On a recent trip to San Francisco, I was struck by the disparity just a few blocks apart. We were driving through town to cross the Golden Gate Bridge and meet relatives for dinner. We passed the massive concrete of the business district, viewed glimpses of Chinatown and North Beach, a heavily Italian neighborhood, and kept going. Further on, our borrowed TomTom device took us through a neighborhood teaming with activity. A couple of men sauntered down the street, beer cans in hand. Another literally wove his way across an intersection, while still another sped up and yelled something back to the weaver. A Sikh squatted against a brick wall and dropped a piece of his dinner, which looked to be contained in a foil wrapper. Women were conspicuously absent, and bars conspicuously adorned every ground floor window and door. it was the kind of neighborhood I wanted to notice every detail, yet at the same time, not be noticed noticing.
Just a few blocks north, the scene changed. More modern structures. Trendy diversity. Happier looking ethnic restaurants and businesses. Advertisements with clean, young, beautiful people of color. We crossed the bridge and entered a tunnel painted with a rainbow around the entrance. We looked at the view of this shining city in the evening sunlight. Ahhh, how beautiful!
I wondered later how many of the people in the "in-between" neighborhood were born into families who had planned for them, were ready financially to support them, had parents who wanted them and took time to understand them, learn about what they were going through at each stage in their lives, volunteer at their schools, help them through tough times, take them on vacation and buy souvenirs....Not that all those things are necessary to become a well-adjusted adult who is contributing to society, but they sure don't sure as heck don't hurt.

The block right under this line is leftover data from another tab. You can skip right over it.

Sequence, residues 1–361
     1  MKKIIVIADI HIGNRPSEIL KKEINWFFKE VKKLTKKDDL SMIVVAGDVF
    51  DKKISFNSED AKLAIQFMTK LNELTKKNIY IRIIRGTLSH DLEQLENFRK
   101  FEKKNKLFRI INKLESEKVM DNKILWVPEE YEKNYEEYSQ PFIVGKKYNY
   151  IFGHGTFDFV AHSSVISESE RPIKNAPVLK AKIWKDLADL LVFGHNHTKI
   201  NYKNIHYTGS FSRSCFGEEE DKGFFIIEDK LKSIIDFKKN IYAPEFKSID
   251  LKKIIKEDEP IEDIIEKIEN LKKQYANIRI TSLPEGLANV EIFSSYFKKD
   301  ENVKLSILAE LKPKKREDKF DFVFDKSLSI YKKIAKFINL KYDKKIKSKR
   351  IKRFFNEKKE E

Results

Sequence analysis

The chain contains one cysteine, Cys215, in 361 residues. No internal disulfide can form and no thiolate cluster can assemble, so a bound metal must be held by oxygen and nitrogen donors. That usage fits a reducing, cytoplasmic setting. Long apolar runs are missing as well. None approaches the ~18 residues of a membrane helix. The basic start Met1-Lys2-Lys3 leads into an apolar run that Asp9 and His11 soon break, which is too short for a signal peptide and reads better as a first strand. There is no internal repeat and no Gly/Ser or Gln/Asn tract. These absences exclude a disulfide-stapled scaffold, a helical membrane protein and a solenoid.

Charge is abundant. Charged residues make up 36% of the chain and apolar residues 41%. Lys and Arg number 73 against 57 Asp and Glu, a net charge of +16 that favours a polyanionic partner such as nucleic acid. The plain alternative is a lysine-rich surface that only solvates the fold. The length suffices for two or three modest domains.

When people say that these residents need to pull themselves up by their bootstraps, I always remember what my grandpa said: The presupposition to that statement is that the person has boots. Some people think that homelessness and drug-addicted lowlifes and poverty aren't their problem, but I disagree. Social issues like this are everyone's problem. They cost our entire society in lost income, crime, incarceration, medical services, not to mention, it's just the right thing to do to care for our neighbors, no matter which neighborhood they live in.
When I was in DC this spring, I met a young man who said he was a Professional Idealist. I tend to think along the same lines--you know, shoot for the moon, because even if you miss you'll land among the stars type of thing. And this is where I am regarding comprehensive sexuality education, because, call me crazy, but I tend to think that if everyone had complete and accurate information about their sexuality, relationships, and safety, and it were offered in a safe, caring, culturally relevant context and environment, it might make a difference how many people ended up with nothing else to do on a Monday night but saunter down a street filled with bars on the windows, drinking beer and looking for trouble.
So, I'll keep on keeping on. Because "someday, we''ll find it, the Rainbow Connection--the lovers, the dreamers and me..."